“Chicago (After Ginsberg),” “When You Spot Your Flower” and “The Spring-Bringer”

In Issue 60 by Julie Benesh

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Photo by Lucas Photo on Shutterstock

Chicago (After Ginsberg)

Chicago I fell in love with you at first sight in May 1975.

I wore that green dress and you wore the Lake.

You were the Big Man in the Midwest.

I was 15, you were 138.

I gave you the best years of my life when I thought you had given them to me.

All I wanted was to be an extra in any of your movies.

Are you gaslighting me?

Is it the age-gap Chicago?

I just wanted to grow old with you.

Even when my job went remote I stayed with you.

I don’t know my sugar daddies from my F-boys I guess.

Chicago your machinery is too much for me.

How did I fail to notice?

I have been cheating on you with Cape Cod/Key West/ Santa Barbara/ Coronado/ Rome/ Berlin/ Dublin/ Paris and our bumpkin neighbor Door County.

How did you fail to notice?

Chicago do you even care so long as I pay my taxes?

These days everything in my brain turns into urban country western blues.

Chicago I’m tired of defending you because it makes me sound codependent and pathetic hitching my wagon to a flashy con man.

Your rep is so bad you are gonna get canceled.

You just sold one of your newspapers to a hedge fund and I can read the graffiti on your wall.

Has Navy Pier swallowed you?

At least you still provide every citizen with their own pet rat and optional illegal firearm courtesy of Indiana.

Chicago I worry you are my soulmate and I don’t know it or that I think you are but you aren’t.

Chicago I did not sign up to be your sugar mama your nurse with a purse now did I or maybe I forgot I keep forgetting how forgetful I am getting.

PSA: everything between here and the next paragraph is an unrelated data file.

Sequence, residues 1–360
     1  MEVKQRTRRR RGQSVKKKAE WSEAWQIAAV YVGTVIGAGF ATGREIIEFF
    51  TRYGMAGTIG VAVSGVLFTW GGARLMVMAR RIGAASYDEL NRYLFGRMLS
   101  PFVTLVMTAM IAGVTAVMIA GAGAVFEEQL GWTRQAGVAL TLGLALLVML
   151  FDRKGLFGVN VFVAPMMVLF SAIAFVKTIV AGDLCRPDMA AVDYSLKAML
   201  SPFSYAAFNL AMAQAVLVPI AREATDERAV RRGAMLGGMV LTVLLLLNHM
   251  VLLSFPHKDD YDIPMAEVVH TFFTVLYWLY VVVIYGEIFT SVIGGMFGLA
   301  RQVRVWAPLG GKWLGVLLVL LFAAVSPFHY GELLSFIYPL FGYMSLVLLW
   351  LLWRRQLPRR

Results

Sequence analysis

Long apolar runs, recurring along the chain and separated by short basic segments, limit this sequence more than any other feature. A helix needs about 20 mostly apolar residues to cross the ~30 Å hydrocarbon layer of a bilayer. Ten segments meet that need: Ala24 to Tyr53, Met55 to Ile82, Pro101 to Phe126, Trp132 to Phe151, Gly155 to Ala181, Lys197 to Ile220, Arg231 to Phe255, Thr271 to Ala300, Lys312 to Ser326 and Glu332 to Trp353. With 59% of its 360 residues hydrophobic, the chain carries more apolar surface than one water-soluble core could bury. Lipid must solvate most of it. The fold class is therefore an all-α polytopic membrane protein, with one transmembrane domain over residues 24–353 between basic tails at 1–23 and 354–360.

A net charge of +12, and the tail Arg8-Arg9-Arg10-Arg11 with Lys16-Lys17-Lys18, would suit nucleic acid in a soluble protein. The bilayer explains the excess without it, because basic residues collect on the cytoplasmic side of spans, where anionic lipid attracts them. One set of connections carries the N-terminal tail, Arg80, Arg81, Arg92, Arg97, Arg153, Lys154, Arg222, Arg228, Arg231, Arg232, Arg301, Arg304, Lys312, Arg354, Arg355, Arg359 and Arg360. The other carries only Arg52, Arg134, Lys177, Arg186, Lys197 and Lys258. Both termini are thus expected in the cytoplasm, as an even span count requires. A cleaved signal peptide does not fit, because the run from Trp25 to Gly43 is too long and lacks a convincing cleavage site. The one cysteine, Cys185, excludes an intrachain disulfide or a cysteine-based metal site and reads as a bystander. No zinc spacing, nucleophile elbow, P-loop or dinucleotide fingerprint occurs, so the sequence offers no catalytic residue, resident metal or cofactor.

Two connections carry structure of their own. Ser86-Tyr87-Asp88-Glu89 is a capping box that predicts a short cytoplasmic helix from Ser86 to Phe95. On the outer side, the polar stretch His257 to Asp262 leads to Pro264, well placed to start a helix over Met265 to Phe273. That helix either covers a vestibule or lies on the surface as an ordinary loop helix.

Everyone on Next Door is already gone looking down from their perches in Schaumburg and Florida still obsessed with you.

My 99 Walk Index Score is no longer keeping me warm at night.

Chicago I always loved your sense of humor but not everything is a joke.

What was the moment it all started to go wrong when Richie sold the parking or way back in Council Wars?

Chicago I know the edges beyond your sweet ganache lakefront were always hard and rough.

I’m not a fool just a fool for you.

Chicago I feel like it’s gonna be me or you and I’m still not sure whose side I’m on.

When You Spot Your Flower

shooting sunward, every word:

redacted, rejected; yields a dozen pages

more. There are so many ways to mother:

watching ice melt to water, water gather

itself to steam, reason yield to mystery,

crassness to mastery, over and over,

predictable and varied as dawn.

You want to be a baby again; you want

to be new? Nurse your yearning

and starve ambition:

I double dare you.

Sometimes I wish I had a thousand lives;

and I swear, clever friend, when I find

my orchid, whose very roots need light,

I’m going to ask her to dance, gamble

for gambol, because, in the end,

where it matters, what's the difference

between laughter

and prayer?

The Spring-Bringer

breaks dawn a little earlier every day. waking you like a sweet puppy you train

without even trying. Cues robins. One morning you smell his breath, botanical, and its nuance caresses you like a shower, thunder and all. Who’s training whom? He’s the cruelest flirt

in the wasted land: literally blowing hot and cold; your stagnant bits thaw, terrible/ slow /lovely

(just like Mrs. Parker said). That thing, those things, all the things you gave up without meaning to and then like riding a bike you ride them all; you pick up all the abandoned brushes, paint (house) and paint (art), and hair and toilet, and even if− hell− especially if, you don’t believe that Jesus is risen, something has risen in your own doughy limbs.

Praise that breadcrumbing, immature, inevitable spring-bringer for dampening air,

softening earth, budded tree; crocuses you bend to stroke to life; the colors green,

and green and green, and pink and yellow and violet;

that old May song ringing from every tower!

After Thomas Lux’s The Joybringer

About the Author

Julie Benesh

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Julie Benesh has published stories, poems, and essays in Tin House, Crab Orchard Review, Florida Review, Hobart, JMWW, Cleaver and many other places. She is a graduate of the MFA Program for Writers at Warren Wilson College in Creative Writing and the recipient of an Illinois Arts Council Grant.